Samsung's latest OLED can be a mirror, a window or a TV

Mirror, mirror on the wall, who's the richest of us all?

Drop everything you're doing … unless what you're doing is putting up a new 4K Ultra HD TV.

Samsung today unveiled a line of transparent and mirrored OLED displays that it intends to sell to retail stores for use as interactive displays. While Samsung made no specific remarks about releasing them to the public, the show floor models serve as a window into a possible future for our living rooms.

The firm showed off these new panels at Retail Asia Expo 2015, an annual event held in Hong Kong that - despite what its uninteresting name suggests - shows off some interesting new technology from Canon, Sony and Samsung.

Besides their states of opacity, the new Samsung panels come integrated with Intel Real Sense that will enable gesture control via a built-in camera. Samsung plans to roll these panels of the future out to retailers first, creating a "visually compelling, interactive closet," but could come to our homes after its commercial trial run.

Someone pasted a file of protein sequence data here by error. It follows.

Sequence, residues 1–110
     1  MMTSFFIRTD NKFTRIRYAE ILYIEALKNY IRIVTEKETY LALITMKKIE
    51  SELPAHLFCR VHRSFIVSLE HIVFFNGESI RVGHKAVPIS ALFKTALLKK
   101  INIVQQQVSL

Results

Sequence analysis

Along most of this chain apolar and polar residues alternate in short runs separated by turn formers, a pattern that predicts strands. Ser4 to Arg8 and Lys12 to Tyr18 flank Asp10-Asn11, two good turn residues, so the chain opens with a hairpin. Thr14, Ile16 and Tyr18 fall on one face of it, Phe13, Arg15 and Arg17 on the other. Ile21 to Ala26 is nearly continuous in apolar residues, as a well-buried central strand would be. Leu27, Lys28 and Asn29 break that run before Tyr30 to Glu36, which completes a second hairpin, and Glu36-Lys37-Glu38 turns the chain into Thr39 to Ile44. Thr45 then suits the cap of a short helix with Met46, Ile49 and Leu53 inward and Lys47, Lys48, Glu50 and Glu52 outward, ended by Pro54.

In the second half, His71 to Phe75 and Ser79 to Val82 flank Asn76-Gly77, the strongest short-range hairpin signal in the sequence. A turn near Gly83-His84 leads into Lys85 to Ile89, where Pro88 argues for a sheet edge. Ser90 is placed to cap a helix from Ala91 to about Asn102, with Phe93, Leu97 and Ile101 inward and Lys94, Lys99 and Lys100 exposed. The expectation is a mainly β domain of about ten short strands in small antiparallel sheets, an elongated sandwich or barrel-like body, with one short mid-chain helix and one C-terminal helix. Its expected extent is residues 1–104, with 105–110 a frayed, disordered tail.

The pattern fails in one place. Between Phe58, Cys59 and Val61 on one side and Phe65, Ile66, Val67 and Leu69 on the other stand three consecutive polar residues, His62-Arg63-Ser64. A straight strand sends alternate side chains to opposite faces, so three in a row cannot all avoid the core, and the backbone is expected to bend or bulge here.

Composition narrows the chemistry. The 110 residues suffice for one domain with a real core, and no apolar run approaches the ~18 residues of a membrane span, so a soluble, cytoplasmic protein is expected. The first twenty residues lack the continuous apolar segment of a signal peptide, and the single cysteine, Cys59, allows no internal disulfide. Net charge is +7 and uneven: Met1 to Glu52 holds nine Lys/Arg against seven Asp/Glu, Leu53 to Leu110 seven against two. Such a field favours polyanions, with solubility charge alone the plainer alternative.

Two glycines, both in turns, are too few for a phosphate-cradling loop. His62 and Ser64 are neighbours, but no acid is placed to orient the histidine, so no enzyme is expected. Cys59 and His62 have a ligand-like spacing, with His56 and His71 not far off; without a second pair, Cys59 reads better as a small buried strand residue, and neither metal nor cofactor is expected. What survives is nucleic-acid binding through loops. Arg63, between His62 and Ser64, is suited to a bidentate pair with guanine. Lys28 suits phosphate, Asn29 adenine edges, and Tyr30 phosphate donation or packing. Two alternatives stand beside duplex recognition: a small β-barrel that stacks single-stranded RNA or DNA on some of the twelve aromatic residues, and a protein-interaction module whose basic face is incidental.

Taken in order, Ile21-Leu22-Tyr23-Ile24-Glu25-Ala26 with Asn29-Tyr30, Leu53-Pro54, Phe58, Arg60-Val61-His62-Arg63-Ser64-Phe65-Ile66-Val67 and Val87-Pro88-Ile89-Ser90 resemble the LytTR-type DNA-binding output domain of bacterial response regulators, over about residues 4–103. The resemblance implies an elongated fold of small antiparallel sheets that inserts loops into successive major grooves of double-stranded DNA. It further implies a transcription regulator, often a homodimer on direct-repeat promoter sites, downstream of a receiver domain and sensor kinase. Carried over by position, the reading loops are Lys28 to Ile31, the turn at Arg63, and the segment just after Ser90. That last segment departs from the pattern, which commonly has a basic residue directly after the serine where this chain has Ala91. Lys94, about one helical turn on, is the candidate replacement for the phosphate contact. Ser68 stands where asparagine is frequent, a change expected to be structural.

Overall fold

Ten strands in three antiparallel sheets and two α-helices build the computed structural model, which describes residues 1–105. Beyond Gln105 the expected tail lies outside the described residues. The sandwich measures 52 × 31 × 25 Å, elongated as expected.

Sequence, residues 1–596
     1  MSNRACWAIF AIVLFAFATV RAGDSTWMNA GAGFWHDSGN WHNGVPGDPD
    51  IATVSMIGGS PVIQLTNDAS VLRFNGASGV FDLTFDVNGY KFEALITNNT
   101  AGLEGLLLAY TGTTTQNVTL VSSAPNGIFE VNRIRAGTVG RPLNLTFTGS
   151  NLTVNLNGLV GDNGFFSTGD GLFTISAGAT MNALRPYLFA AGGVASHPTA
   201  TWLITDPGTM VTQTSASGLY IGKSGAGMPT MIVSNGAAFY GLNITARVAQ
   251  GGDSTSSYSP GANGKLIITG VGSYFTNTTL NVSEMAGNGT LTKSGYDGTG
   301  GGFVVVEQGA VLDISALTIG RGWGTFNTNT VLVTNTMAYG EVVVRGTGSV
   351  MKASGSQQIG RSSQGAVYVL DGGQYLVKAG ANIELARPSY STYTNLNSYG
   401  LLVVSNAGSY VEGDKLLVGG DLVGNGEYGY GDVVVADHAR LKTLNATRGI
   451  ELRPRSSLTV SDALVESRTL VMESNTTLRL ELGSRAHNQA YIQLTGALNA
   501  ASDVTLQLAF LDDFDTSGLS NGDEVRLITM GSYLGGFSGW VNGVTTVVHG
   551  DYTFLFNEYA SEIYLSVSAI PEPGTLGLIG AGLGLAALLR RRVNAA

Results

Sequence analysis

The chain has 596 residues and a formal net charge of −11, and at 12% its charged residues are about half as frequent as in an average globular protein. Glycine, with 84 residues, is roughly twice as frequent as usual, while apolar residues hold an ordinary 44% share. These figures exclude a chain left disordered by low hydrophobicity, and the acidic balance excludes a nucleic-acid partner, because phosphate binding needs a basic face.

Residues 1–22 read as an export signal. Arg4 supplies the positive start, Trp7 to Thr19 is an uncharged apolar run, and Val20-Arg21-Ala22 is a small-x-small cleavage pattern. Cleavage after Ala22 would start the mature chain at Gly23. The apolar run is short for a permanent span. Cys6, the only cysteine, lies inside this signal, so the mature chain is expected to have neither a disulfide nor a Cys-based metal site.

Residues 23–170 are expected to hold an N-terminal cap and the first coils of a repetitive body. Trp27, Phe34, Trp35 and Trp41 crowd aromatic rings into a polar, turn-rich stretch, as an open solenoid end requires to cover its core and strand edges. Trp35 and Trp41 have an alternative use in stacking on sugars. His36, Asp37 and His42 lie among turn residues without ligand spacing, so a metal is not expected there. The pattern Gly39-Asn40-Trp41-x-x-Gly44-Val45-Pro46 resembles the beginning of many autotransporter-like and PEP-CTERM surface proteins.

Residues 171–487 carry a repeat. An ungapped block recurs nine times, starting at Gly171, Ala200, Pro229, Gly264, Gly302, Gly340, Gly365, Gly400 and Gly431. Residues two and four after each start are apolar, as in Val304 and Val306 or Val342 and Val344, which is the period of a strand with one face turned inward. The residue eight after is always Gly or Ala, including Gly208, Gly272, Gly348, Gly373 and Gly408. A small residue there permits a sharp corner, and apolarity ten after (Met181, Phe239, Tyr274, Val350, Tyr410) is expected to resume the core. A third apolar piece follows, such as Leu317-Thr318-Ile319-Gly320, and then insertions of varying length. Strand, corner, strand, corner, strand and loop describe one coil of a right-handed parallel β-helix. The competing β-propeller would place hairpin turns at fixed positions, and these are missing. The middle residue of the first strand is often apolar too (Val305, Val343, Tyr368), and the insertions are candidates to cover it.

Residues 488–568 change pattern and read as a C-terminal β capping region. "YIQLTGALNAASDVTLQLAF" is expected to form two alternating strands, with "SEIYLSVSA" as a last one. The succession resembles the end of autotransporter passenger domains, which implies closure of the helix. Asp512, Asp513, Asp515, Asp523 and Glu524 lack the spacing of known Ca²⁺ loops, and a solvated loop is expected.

Samsung Transparent Display

While the technology isn't quite ready for the living room, a press release on Samsung's press site detailed some pretty impressive specs:

"Samsung Display's Mirror OLED display panel ... delivers at least 50 percent higher reflectance than competitive Mirror LCDs now in limited availability and a much improved colour gamut (over 100 percent vs. around 70 percent of NTSC), as well as an exceptionally high contrast ratio (over 100,000:1 vs. 4,000:1) and a much faster response time (under 1ms vs. 8ms) than LCD transparent panels.

"Compared to conventional LCD alternatives for today's digital signage market, Samsung Display's Full HD Transparent OLED display panel has a substantially higher colour gamut (100 percent vs. around 70 percent of NTSC), sharply increased transmittance (45 percent vs. around 10 percent), and better clarity through a wider range of viewing angles. It features a transparency level of over 40 percent, much higher than the 10 percent level of today's transparent LCD displays."

Better image quality, gaming-quality response time and a snazzy reflective surface? Can't wait.